From “The flawed multiverse,” Alastair I M Rae’s Physicsworld (Sep 22, 2011) review of David Deutsch’s The Beginning of Infinity: Explanations that Transform the World:
According to the quantum-information theorist David Deutsch, our modern understanding of how the world works has provided us with “good explanations” that open up essentially infinite possibilities for future progress. One of these explanations is the idea of the quantum multiverse, which Deutsch discussed in the May issue of Physics World (pp34–38, print version only) and to which he devotes a chapter in his book The Beginning of Infinity.
I believe the many-worlds theory is open to criticism for reasons other than extravagence. One of these concerns probabilities in a situation where both outcomes occur in parallel. If both options are happening, how can it be meaningful to say that one is more probable than the other – as is experimentally the case if the reflector is not exactly 50/50?
As he described in his Physics World article, Deutsch’s response is to propose that before the measurement, the photon is not just a single particle but is actually an (uncountable) infinity of identical or “fungible” particles. After interacting with the reflector, an infinite number of fungible photons exist in both output channels, but the ratio of these numbers is finite, so that each has a “measure” proportional to the squared modulus of the wavefunction. Even though an observer knows they are going to evolve into two copies of themself, they can apparently assign relative probabilities to which copy they expect to become. These probabilities are given by the Born rule. [Registration required.]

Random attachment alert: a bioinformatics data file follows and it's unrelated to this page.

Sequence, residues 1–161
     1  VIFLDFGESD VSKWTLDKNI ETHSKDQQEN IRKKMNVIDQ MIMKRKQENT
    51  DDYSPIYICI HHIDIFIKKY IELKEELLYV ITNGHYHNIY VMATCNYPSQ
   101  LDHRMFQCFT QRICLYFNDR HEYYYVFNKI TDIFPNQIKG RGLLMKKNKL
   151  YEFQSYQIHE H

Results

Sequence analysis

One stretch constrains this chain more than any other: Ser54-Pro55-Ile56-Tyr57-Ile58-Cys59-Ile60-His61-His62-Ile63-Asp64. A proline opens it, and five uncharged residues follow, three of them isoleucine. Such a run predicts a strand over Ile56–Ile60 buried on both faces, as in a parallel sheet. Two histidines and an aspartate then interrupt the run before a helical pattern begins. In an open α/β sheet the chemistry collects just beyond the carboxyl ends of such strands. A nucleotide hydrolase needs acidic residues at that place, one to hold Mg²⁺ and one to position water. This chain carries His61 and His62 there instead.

Rae isn’t convinced that this Deutsch fix – or others – resolve the problems, and is put off by the book’s dogmatic tone. He comments,
Deutsch willingly accepts that much of his inspiration comes from the work of Karl Popper, whose mantra “we have a duty to be optimistic” clearly underlies his thinking. However, he would have done well to remember that Popper was often dogmatic, to the point where some wags said that his book The Open Society and its Enemies should have been called “The Open Society by one of its Enemies”!